AF factory develops software

IT will be key element in Air
Force’s deployment of expeditionary forces.

MONTGOMERY, Ala.—A 9-month-old software factory at the Air Force’s Standard
Systems Group is helping the service cut the time and money it spends developing and
maintaining software.

SSG’s factory at Gunter Annex has about 700 employees and develops, tests and
maintains Air Force combat support applications.

It also runs an Air Force network operations center to track communications links
servicewide, and it provides around-the-clock technical support to Air Force users.

The Gunter factory has earned a Level 3 Capability Maturity Model rating from the
Software Engineering Institute at Carnegie Mellon University for its software development

The factory is a fee-for-service operation. This year’s rate for software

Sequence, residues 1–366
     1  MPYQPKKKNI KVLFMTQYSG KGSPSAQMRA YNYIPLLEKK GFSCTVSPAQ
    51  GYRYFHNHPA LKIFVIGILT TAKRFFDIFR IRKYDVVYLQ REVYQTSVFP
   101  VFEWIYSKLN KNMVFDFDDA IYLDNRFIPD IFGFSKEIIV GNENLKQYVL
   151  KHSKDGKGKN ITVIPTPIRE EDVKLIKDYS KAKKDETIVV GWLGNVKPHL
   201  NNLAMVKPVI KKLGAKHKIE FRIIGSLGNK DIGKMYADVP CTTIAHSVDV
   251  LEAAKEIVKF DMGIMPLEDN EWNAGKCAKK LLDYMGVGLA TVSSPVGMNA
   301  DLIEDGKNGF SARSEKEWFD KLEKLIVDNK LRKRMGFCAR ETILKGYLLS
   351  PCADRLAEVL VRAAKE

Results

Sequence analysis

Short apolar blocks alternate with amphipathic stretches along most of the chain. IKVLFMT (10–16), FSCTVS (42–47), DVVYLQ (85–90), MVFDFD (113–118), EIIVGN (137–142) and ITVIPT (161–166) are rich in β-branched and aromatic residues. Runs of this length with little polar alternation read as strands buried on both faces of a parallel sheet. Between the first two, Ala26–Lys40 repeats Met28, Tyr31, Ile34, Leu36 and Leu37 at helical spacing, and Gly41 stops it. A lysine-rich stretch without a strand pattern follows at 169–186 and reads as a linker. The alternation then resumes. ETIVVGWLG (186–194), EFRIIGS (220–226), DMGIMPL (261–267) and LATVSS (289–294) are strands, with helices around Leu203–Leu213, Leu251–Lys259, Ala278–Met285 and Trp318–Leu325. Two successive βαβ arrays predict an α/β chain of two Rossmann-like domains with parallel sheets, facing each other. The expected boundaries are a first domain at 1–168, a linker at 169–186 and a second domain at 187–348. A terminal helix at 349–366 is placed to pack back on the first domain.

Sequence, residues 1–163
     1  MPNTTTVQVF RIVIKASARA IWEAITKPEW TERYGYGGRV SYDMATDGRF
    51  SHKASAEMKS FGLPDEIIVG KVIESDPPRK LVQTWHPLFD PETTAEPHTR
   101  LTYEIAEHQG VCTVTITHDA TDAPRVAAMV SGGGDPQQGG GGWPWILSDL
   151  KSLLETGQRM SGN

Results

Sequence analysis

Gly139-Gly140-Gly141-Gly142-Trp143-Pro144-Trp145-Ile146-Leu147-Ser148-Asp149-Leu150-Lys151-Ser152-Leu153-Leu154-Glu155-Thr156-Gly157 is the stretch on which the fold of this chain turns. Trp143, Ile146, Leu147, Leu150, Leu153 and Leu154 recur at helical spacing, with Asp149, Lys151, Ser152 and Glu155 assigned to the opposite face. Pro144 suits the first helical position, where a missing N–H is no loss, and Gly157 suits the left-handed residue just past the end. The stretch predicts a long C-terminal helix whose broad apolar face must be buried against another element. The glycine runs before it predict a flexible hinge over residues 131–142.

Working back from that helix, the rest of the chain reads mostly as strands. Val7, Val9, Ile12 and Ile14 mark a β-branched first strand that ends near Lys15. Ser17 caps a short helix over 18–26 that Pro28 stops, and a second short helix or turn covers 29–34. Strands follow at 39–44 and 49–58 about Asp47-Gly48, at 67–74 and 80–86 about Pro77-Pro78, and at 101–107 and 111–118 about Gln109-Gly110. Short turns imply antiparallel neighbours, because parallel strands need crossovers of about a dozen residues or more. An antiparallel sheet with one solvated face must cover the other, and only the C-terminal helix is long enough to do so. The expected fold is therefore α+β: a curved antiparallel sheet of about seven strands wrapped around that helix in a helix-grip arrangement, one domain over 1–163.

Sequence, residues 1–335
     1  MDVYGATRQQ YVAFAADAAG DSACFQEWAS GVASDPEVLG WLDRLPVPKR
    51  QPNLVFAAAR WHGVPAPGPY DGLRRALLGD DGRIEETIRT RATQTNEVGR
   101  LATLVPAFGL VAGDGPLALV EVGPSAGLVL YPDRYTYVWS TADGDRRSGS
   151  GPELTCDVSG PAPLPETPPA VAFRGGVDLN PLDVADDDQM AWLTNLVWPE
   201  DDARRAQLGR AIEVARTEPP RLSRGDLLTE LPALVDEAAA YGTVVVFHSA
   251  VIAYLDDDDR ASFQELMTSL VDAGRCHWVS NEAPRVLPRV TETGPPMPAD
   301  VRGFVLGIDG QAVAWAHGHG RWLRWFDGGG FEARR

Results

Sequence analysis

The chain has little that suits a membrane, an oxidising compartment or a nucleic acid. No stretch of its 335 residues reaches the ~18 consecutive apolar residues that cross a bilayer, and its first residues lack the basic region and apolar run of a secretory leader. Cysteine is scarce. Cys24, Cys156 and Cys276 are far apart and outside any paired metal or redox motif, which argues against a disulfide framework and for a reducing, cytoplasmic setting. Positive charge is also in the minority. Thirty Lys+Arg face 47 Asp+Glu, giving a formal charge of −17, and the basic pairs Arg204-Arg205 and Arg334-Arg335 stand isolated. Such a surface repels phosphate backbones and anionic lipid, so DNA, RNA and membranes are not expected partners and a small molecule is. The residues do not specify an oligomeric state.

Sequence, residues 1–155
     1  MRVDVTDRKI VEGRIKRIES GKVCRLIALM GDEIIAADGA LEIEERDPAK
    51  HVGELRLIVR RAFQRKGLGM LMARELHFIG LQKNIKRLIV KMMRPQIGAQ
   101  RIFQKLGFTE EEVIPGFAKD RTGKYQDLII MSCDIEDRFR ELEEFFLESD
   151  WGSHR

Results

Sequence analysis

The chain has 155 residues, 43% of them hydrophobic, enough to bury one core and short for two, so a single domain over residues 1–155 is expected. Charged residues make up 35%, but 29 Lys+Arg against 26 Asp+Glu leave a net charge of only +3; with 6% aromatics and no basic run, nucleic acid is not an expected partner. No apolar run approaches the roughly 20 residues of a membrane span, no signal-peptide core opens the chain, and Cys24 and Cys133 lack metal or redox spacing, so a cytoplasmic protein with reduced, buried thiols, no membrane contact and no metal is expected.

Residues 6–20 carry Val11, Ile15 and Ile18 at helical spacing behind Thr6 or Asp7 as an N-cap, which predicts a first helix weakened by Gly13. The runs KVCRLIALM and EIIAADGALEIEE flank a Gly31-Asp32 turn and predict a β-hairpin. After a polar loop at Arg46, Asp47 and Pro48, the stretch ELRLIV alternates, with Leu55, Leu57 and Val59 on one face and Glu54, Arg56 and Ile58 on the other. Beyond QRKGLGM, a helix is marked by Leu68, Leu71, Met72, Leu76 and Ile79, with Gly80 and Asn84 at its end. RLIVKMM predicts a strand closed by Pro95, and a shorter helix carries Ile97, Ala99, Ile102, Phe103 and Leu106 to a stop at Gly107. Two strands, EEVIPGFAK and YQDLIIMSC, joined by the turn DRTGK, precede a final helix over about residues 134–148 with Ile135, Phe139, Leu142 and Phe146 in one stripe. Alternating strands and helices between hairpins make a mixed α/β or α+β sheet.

development is about $52 per hour. Next year that rate will likely rise to about $60 per
hour, SSG officials said.

In January, as part of a commandwide reorganization, Lt. Gen. Ronald Kadish, commander
of the Electronic Systems Center at Hanscom Air Force Base, Mass., established software
factories at Gunter and the Materiel Systems Group at Wright-Patterson Air Force Base,

When he created the centers, Kadish directed ESC to adopt the computer industry’s
18-month acquisition cycle for the Air Force’s combat support systems and to reduce
development time to 12 months for new software and major modifications.

To adhere to those schedules, the Gunter software factory relies heavily on commercial
products and by designing and implementing highly integrated systems that comply with the
Defense Information Infrastructure’s Common Operating Environment, said Kenneth
Heitkamp, SSG’s technical director and director of the software factory.

“Our work is primarily focused on combat support systems, such as supply line,
maintenance, personnel and payroll systems, but we do have some command and control
systems,” he said.

The software-intensive systems are critical to the Air Force’s mission of
supporting more than 200 active and Air Force Reserve bases in the United States and
overseas, Heitkamp said.